I think the rape whistle bit might go over the heads of some of our POGier friends reading the strip. For those of you not in the know, often times even us grunts are issued a gear list before embarking on a field op. This doesn’t always happen, and is wholly dependent on the command, but when it does there is almost always a rape whistle, a giant clothespin, and bug repellent on it. It’s as if the CO was going on his first field op and was so insecure about all of the useless drivel he was bringing that he went and had the company clerk tell everyone to bring the same thing so he wouldn’t look lame.
Gear lists weren’t a practice for me during my first workup, as my CO of the time was a pretty hard-chargin’ guy. My second workup, however, wasn’t quite as liberal in terms of our ILBE’s. Instead, issuing out ridiculous lists, “Well you get paid this weekend, go out and get the items for next week,” was a fairly standard-issue sentiment from him. In my humble opinion, a gear list should be limited to what a Marine needs to conduct the training. Basically, make sure you bring your PPE, maybe some cleaning gear. Everything else should be up to the individual Marines to worry about–if they pack too light, oh-fucking-well.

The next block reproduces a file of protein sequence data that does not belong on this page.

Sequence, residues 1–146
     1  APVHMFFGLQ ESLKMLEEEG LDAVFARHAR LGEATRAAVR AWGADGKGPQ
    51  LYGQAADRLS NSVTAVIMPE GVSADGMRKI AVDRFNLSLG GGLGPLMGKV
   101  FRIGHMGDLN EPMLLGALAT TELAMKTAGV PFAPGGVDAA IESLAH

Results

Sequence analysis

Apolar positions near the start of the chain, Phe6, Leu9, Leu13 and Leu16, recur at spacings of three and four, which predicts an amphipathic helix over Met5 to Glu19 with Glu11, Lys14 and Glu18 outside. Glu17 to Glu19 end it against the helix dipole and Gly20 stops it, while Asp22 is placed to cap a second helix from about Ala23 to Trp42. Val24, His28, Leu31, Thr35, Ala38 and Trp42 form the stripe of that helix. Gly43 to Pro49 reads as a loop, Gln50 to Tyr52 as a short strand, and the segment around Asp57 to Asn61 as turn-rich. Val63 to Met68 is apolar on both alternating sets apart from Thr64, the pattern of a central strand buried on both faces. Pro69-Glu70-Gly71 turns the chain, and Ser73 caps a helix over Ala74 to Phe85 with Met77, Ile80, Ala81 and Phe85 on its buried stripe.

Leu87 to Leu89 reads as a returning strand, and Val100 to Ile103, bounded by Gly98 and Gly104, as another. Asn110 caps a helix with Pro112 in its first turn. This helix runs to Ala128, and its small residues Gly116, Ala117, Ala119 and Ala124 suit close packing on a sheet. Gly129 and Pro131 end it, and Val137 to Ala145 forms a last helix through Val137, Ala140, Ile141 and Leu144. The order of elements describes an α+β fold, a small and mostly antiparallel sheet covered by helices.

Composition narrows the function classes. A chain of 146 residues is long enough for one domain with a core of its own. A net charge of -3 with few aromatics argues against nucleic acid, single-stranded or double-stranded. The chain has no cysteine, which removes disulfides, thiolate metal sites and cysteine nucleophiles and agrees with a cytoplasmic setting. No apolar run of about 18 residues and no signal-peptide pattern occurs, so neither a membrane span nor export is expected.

Also, before I forget, I hope you all had a great Valentine’s Day! Hopefully not too many of you were stuck in the field for it. It’s happened to me before. I didn’t mind so much because my girlfriend at the time was off-island anyway, but there were married Marines in my platoon stuck out there–on base–in the “field”. I also spent a Valentine’s Day at beautiful 29 Palms one year during my second run at Mojave Viper. That, however, was largely unavoidable.